7. IT (1990)

Another made for TV adaptation, this time directed by John Carpenter alumnus, Tommy Lee Wallace. Tim Curry is electric as Pennywise the Clown. The first part is brilliant stuff, part Stand By Me, part your worst nightmares. It’s just a shame about the really lame giant spider in the (anti) climax.

Soon to get the remake treatment. Keep Curry and the storm drain; squish the spider in a giant tissue.

6. The Shining (1980)

Stephen King has never had much time for this adaptation but this is the ultimate haunted house (well, hotel) movie. It’s not so much scary per se but with its astounding visuals, it being one of the first films to fully utilise the steadicam, symbolism and uneasy foreboding it certainly leaves you breathless. Added to that Kubrick really makes you feel the coldness and isolation.

Nicholson defines bonkers with his splendid turn, whilst his son, played by Danny Lloyd, criminally in his only film role, manages to make his finger one of cinema’s scariest things ever. Redrum, redrum, redrum. Lifts and indeed triple Grand National winners were never the same again.

5. Misery (1990)

Kathy Bates even outshines Jack Nicholson here and is the only actor to pick up an Oscar for a role in a Stephen King film as the ‘wouldn’t hurt a fly as nice as pie’ Annie Wilkes. Dirty bird. Simple, terrifying and almost primeval in its horror.

James Caan’s character is ‘rescued’ from a car crash by his number one fan, just turns out she is a tad loopy and none too pleased he has killed off his lead character. Features one of the most wince-inducing moments in cinema, a tour de force, essential viewing and far more horrific than all of King’s possessed cars, vampires and children with strange powers put together.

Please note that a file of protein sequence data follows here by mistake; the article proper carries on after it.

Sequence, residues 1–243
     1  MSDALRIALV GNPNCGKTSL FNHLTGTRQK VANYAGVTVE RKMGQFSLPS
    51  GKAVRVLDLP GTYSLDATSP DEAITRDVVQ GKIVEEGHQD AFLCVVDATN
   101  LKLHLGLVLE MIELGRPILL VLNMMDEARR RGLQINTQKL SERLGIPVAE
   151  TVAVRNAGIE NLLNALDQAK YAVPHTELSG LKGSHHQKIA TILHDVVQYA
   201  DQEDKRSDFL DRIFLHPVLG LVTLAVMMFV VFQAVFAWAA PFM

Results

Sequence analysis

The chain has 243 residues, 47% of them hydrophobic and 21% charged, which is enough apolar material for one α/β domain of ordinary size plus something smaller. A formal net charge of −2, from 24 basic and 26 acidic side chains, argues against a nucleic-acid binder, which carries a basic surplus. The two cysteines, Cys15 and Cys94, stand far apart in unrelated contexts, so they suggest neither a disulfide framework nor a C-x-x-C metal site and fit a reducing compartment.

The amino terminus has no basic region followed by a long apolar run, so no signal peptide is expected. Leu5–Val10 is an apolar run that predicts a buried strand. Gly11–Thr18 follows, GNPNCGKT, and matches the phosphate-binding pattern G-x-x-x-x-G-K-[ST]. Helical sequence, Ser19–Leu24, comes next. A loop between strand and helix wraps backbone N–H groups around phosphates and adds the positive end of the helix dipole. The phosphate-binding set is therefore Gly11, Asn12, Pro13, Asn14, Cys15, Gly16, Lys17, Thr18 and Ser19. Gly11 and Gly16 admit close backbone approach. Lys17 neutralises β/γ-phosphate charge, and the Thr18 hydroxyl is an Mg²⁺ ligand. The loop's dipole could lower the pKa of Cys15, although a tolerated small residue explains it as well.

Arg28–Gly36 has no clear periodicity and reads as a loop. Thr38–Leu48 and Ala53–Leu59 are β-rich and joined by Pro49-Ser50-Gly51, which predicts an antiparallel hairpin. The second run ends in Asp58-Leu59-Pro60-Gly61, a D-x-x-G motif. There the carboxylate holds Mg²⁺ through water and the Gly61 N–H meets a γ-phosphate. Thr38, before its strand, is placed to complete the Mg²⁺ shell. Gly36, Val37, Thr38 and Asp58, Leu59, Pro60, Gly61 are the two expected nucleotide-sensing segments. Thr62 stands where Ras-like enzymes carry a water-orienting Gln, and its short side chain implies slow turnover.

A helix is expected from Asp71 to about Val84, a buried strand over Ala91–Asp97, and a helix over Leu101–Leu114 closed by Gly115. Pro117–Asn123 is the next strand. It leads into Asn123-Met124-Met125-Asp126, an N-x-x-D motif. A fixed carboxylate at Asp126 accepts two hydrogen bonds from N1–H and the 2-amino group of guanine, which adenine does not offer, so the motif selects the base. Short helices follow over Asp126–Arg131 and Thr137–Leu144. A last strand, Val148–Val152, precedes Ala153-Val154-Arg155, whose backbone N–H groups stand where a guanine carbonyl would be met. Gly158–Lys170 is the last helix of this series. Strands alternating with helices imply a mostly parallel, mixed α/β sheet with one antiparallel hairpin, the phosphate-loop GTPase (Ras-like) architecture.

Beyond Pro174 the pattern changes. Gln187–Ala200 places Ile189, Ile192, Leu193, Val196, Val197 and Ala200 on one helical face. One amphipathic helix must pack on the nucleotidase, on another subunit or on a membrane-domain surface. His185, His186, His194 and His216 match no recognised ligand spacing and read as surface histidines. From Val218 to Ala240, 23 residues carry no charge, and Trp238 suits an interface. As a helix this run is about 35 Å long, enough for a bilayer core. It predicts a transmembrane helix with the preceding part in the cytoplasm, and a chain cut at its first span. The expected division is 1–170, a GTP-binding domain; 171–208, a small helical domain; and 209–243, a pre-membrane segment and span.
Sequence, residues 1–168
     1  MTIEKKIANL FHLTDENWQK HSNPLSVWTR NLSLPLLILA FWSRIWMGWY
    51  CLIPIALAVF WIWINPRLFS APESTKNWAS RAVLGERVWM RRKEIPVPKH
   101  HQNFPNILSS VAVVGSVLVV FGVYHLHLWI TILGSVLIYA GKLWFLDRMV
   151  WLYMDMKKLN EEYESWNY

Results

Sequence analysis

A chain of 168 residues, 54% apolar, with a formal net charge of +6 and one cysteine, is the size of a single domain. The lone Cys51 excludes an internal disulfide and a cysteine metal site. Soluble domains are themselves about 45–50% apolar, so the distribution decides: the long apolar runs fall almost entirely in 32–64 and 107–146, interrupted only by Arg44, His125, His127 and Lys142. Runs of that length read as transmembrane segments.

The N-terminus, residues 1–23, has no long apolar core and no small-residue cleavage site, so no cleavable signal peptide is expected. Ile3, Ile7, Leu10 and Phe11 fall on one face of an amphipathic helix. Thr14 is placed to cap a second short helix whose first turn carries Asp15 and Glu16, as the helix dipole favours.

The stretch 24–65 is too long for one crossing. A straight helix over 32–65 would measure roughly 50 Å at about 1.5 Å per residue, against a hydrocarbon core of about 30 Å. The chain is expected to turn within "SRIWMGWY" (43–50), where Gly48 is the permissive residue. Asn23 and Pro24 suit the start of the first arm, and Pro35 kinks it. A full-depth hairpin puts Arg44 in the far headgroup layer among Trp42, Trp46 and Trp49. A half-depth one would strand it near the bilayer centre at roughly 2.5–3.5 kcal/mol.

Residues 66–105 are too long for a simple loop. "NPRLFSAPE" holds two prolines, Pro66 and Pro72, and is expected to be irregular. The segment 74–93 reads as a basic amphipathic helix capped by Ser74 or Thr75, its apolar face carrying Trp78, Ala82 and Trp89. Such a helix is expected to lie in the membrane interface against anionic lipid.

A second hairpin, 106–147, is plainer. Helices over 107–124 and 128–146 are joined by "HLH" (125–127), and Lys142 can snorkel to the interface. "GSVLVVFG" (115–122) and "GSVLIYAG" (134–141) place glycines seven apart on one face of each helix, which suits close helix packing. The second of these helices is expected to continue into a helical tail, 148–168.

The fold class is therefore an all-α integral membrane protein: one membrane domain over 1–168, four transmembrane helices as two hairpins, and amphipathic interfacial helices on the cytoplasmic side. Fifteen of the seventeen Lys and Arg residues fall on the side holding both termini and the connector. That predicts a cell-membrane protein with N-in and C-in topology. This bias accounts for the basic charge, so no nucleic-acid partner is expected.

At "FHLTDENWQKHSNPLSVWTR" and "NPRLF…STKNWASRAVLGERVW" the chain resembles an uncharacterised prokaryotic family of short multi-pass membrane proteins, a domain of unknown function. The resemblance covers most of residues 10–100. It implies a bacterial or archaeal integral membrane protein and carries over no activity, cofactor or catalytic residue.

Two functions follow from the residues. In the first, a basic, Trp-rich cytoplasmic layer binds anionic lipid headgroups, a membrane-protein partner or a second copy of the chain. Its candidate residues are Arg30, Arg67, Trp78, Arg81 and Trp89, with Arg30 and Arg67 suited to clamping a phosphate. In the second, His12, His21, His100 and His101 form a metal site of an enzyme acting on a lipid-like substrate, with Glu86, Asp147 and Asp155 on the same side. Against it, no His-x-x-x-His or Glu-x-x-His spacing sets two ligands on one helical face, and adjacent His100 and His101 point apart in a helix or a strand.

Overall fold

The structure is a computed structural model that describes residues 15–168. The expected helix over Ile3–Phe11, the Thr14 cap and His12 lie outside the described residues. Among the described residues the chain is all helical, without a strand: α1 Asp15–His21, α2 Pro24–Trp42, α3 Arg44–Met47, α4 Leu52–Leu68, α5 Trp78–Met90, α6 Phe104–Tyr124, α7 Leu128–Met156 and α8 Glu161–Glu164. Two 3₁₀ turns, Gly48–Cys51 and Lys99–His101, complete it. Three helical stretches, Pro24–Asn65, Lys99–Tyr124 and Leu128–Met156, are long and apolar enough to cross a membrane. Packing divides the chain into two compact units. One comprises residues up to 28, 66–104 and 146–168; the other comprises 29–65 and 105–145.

4. The Green Mile (1999)

After The Shawshank Redemption this is Frank Darabont’s second stab at a King adaptation and for me is the better, more absorbing of the two. I know for many they find it overlong and over sentimental but you cannot deny its power to grab you, to fall in love with a mouse, to hate that guy who played Tooms on The X Files, swear at the television as you release his actions and fall in love with the gentle giant of Michael Clarke Duncan.

Once again Tom Hanks proves why he is this generation’s James Stewart and is therefore rather fitting that although it deals with death row inmates and supernatural undertones it has a distinct Capra-esque feel to it. I defy you not to cry.

3. The Mist (2007)

Also directed by Darabont this dark tale was pretty much ignored upon theatrical release, which is a crying shame as it’s a blinder. A small town is effectively cut off after a mysterious mist descends on it. Much of the town hole themselves up in the local supermarket until something starts attacking people and dragging them into the mist.